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Personality is defined as a combination of traits that stems from your interaction with your immediate environment. If you live in an environment that is dangerous, chaotic, and scary your behaviors will denote a tendency to act defensively, anxiously, and watchful. Those traits just mentioned are what constitute someone's "personality".
Personality theory, such as that proposed by Allport, entails that each and every individual is essentially unique, and that each is expected to behave differently from others because each of their life experiences have been unique. This is why, when it comes to learning theory, intelligence can be defined as a product of personality--you interpret what you see, learn, and analyze from within the parameters of your point of view and your life events.
The specific areas of personality that can affect learning include:
The affective filter- if you are consistently stressed, or feel insecure, it will be very hard to commit any new information to memory because the negative state of mind will make your affect too stimulated. As a result, stress will block any natural cognitive process. When a student's affective filtered is clear and lowered, the student will feel free to learn and even excited about it. This is why ice-breakers, and the beginning of a lesson are so important: they are opportunities to communicate to the student what will happen, how, and what is expected.
Motivation and self-motivation - when there is no feedback or end in sight, there is no real reason to accomplish or finish anything. Motivation is intrinsic and can only occur if it is elicited in a student. Hence, the teacher has to keep consistently assessing students, giving them feedback, showing them their progress and making them the most essential and central part of the learning process.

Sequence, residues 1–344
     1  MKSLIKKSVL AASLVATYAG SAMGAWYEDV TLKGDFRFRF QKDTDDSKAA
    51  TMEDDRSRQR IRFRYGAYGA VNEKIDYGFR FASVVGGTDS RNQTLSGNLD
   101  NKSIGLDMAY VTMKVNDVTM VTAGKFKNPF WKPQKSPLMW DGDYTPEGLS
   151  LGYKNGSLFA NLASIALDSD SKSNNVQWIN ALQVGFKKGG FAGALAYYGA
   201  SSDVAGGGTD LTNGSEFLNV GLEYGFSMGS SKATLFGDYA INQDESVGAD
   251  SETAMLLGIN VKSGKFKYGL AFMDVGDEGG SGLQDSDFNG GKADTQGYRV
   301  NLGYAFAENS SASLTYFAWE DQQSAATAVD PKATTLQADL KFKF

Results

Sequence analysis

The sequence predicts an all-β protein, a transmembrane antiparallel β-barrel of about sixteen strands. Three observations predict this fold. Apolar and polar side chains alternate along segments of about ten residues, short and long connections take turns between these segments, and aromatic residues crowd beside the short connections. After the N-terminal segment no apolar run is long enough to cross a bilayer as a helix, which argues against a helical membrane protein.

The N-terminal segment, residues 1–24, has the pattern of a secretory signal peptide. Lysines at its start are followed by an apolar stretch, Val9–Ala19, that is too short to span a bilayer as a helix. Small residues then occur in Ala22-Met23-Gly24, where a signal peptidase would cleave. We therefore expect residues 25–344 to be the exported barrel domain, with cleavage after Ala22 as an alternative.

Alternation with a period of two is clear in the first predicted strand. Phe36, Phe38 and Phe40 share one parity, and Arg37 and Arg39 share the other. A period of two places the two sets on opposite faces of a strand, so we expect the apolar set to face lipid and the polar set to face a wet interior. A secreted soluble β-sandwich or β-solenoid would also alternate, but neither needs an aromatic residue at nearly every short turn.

Commitment and responsibility - these are ethical areas more than personality traits, but they do clash and in many occasions are a result of the other. When a student is made the most important part of the learning and teaching process, the responsibility of learning falls immediately on his shoulders, making the student aware of how important it is to place weaknesses aside and tap on the best of his or her potential. In lesson plans, teachers must make students find consequences and rewards for each time commitment and responsibility are either neglected or embraced. It is an ongoing observation process of which the student is part and which demands an ongoing, interactive conversation between teacher and student.
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